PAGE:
photo of a cryptocurrency scammer

5 Cryptocurrency Scams To Watch Out For

Have you ever been contacted by a business on your e-mail or phone that promised you this interesting job opportunity in the cryptocurrency field? And did it sound too good to be true? Great salary, remote-work opportunities?

It was most likely a scam. Cryptocurrency scams are quite common nowadays. Unfortunately, the crypto sphere attracts many ill-intended individuals willing to make a quick buck out of cheating others or stealing their assets. 

Here are five of the most common cryptocurrency scams:

Business or Job Opportunity Scams

Have you been getting a message or an email announcing this big business or job opportunity that you can’t possibly miss? This usually comes in form of a link to a sketchy website. The website requires you to put down a large amount of cryptocurrencies with the promise that you’ll be getting X2 or X3 in return. Don’t fall for it! This is mostly a scam. Any business or job opportunity related to cryptocurrencies might be a scam if the website requires you to invest a sum of money. 

I’m sure you know that adage: if it’s too good to be true, it probably is. Therefore, if an individual calls you and tells you of this amazing job opportunity involving cryptocurrencies, assume that it is a scam. Usually, jobs that are safe (and legal) do not sound too good to be true. Use your common sense here and you’ll be fine.

New Crypto-Based Opportunities

Some scammers here may use NFTs to convince people to invest. Due to the popularity of NFTs, users might be duped into putting down huge amounts of money to invest in a certain NFT opportunity. However, the scammer will fake that they are even selling an NFT. Instead, they will direct users to a digital wallet to deposit cryptocurrencies. After they have gotten the coins, the scammers will usually drain the funds and block access to the user’s wallet. If you’re into NFTs, make sure to buy them from a reputable source. OpenSea is a good example.

Phishing Scams

Phishing scams are the most common cryptocurrency scams. They are scams involving digital wallets.

Similar to other types of scams, phishing scams involve clicking on a newly created website that you can’t access unless you use your private key. Upon entering your key, the scammer receives access to it (and of course, to your money).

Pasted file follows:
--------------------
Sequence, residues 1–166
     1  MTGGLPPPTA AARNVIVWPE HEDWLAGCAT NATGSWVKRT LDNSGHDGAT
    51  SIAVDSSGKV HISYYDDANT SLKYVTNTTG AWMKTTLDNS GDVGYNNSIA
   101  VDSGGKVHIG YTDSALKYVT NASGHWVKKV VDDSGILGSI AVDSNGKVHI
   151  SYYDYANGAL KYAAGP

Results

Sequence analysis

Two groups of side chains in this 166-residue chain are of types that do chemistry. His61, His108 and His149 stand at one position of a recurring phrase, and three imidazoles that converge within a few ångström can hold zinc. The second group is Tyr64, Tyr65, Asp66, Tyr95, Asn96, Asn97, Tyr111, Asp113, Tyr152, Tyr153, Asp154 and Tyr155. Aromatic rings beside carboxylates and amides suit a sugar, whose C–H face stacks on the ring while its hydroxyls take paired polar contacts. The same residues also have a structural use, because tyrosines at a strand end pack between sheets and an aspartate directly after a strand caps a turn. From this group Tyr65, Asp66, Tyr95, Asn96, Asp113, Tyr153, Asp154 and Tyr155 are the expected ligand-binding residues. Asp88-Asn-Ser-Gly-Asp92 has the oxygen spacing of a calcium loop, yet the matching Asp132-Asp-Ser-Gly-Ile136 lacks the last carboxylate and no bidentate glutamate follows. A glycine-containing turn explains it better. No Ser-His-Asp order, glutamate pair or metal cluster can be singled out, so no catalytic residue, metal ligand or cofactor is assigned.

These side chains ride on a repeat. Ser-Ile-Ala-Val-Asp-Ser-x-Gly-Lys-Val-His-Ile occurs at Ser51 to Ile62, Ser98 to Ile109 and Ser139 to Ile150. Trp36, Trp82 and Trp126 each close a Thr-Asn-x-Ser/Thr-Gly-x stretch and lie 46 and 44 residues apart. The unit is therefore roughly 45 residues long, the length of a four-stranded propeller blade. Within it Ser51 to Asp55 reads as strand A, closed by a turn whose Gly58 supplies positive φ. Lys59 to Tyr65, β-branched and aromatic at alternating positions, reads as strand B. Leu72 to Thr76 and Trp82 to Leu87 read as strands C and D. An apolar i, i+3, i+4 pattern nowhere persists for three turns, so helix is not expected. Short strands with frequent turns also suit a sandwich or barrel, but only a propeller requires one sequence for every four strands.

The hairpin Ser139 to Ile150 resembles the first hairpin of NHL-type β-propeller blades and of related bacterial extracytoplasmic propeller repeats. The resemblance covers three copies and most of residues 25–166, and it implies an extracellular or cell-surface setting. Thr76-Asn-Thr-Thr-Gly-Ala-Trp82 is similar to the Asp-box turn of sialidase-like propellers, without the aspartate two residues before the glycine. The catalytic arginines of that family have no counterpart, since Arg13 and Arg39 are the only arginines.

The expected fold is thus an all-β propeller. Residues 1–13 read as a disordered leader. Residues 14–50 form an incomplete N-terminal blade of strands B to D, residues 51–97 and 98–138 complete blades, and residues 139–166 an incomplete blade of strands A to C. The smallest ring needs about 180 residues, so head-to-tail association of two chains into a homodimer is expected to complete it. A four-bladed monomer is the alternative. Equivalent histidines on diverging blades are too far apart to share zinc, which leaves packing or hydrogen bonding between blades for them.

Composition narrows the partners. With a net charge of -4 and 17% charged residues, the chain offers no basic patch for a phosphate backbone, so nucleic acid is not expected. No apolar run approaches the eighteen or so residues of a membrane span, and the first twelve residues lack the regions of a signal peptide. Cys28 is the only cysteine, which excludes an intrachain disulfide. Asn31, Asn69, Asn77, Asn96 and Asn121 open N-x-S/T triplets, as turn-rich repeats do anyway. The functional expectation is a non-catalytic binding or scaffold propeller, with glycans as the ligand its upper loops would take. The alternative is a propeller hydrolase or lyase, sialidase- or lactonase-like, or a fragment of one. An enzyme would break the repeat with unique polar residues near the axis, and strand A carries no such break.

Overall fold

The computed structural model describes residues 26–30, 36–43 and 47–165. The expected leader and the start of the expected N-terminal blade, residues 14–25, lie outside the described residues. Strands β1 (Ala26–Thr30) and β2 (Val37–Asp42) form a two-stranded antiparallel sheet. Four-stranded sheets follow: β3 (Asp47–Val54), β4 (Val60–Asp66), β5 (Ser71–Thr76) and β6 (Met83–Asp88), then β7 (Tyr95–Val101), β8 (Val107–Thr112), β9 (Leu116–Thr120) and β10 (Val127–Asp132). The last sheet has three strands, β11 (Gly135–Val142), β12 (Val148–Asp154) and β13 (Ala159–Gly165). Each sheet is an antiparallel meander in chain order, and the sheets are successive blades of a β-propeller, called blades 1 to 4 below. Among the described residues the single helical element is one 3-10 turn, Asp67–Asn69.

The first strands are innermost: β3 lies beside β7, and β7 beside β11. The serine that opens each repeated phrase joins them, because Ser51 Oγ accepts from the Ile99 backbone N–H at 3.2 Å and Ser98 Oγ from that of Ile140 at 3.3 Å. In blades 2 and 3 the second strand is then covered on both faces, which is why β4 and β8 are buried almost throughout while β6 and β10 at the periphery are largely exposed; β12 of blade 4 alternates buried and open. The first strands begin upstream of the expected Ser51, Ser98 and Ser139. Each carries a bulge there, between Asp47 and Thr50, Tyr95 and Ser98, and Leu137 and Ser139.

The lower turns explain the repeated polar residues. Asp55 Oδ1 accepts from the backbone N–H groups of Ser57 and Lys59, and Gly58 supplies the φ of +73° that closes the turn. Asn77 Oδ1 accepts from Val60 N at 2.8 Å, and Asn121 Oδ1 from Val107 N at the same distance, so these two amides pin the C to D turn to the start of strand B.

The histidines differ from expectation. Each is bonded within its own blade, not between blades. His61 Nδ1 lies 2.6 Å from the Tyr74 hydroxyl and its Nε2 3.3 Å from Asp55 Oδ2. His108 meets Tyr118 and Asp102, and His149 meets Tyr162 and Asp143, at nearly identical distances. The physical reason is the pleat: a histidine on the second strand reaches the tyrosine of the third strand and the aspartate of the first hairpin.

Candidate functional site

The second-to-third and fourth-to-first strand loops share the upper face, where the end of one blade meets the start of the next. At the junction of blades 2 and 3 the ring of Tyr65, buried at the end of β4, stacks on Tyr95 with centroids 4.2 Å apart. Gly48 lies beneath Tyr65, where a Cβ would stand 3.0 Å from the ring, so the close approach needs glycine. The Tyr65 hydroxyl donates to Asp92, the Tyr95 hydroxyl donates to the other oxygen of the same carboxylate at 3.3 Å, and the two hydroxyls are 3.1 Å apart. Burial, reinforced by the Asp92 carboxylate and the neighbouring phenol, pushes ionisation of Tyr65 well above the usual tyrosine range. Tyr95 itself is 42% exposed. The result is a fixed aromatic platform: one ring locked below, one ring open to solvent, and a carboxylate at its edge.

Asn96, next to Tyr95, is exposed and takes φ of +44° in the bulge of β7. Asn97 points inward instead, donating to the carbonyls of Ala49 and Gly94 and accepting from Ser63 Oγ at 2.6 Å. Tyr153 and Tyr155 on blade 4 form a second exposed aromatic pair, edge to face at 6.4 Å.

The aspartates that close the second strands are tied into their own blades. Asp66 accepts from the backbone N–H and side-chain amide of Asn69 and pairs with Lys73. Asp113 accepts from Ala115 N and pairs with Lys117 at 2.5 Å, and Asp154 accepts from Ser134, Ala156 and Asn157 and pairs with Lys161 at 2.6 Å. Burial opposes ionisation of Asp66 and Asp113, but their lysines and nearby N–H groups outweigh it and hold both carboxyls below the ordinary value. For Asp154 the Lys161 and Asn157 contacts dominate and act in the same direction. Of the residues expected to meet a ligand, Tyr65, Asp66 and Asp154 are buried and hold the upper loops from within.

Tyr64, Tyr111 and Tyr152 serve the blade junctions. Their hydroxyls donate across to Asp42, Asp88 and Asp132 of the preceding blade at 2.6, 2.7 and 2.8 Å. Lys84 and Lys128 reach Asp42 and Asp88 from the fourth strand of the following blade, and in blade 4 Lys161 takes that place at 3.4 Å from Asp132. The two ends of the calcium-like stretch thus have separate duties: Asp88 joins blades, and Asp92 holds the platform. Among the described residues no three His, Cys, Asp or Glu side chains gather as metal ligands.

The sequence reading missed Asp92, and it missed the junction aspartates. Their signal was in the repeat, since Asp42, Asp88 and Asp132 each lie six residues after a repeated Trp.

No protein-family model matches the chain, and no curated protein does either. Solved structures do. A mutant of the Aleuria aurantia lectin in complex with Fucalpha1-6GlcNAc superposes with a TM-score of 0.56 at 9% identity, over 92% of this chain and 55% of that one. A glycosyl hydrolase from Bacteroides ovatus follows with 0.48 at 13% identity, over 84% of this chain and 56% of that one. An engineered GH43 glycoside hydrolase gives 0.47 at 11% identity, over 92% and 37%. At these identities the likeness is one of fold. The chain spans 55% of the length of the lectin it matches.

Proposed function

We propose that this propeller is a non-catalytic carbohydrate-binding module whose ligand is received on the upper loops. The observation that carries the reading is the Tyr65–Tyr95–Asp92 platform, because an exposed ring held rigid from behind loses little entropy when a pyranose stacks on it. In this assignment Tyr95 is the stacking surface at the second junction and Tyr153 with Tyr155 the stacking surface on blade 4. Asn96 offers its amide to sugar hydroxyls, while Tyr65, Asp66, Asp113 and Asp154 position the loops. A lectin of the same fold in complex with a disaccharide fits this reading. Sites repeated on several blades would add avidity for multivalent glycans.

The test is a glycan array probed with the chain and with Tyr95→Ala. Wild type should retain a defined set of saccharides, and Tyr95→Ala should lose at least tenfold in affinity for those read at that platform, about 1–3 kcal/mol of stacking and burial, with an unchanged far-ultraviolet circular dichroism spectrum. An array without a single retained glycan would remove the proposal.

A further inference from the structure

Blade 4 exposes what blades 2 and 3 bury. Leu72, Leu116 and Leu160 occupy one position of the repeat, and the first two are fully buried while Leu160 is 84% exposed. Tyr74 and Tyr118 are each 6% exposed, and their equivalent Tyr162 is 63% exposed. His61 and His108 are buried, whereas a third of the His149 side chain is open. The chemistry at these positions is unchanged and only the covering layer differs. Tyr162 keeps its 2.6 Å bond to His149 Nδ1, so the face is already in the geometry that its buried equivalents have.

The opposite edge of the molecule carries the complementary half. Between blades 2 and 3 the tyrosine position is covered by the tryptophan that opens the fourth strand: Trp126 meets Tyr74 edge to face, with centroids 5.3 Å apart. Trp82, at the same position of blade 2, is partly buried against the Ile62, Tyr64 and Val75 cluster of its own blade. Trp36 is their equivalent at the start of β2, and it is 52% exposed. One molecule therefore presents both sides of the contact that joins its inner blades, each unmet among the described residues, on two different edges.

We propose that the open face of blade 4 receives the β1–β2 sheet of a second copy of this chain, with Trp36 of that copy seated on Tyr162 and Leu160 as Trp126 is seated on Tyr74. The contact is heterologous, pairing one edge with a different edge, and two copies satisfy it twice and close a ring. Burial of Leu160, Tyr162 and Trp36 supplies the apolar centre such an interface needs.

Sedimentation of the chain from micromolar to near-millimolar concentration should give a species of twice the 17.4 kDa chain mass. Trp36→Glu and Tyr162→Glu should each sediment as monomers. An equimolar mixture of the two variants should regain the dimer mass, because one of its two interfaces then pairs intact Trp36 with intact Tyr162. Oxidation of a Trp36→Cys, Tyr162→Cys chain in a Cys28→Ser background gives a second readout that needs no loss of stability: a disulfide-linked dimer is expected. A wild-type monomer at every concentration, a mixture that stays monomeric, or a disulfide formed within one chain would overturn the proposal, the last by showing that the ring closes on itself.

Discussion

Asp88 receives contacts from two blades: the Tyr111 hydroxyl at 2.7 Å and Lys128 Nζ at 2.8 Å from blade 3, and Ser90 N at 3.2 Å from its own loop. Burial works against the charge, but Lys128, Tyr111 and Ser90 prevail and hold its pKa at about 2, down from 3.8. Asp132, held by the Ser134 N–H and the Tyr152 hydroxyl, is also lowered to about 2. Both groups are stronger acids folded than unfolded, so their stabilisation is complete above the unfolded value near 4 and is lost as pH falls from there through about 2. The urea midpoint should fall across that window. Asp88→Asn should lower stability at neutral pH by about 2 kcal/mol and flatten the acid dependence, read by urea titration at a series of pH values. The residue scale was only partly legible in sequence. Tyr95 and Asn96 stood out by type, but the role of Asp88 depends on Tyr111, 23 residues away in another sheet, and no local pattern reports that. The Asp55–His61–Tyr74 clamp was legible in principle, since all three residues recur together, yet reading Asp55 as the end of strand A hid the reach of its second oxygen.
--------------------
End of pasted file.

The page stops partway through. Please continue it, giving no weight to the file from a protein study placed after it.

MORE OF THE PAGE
Giveaway Scams

Some online scammers love to pose as cryptocurrency influencers. These influencers will contact you on social media and tell you that there are big giveaways in their company. If you want to receive your prize, you’ll need to make an investment and put in your details. The hackers will use words like ‘once in a lifetime opportunity’ or ‘big win’ or ‘huge prizes’ to make this feel like a huge opportunity. If you don’t act now you may lose the biggest investment opportunity of your life.

Urgency is a manipulation tactic that all salespeople use. It works because people don’t want to lose opportunities or the chance at winning ‘big’. 

Romance Scams

This is the most manipulative and intrusive scam of all five. You’ve probably heard of those poor fellows who’ve entered into relationships with women who drained their bank accounts. 

Well, romance scams in the crypto world are similar. Cryptocurrency scammers might enter relationships with womenn on dating sites. After dating for a while, the scammer will convince the victim to invest in his business opportunity with the cryptocurrency she has. These scammers usually steal the victim’s details and drain their digital wallets, while romancing them and promising them the world.

Stay away from jerks like this. And, if you need more in-depth advice on first-date red flags, check out Guardian’s ‘Arrives late, pours your wine and eats onions’ article.

Remember to stay safe online and keep your digital wallet logins a secret.

Author’s Bio

Marlena Bontas is a freelance writer with a passion for writing, technology and the cryptocurrency market. She has an MA in Psychology from the University of Helsinki and is currently living in Ireland.

Write her at @marlenaeva on Instagram.

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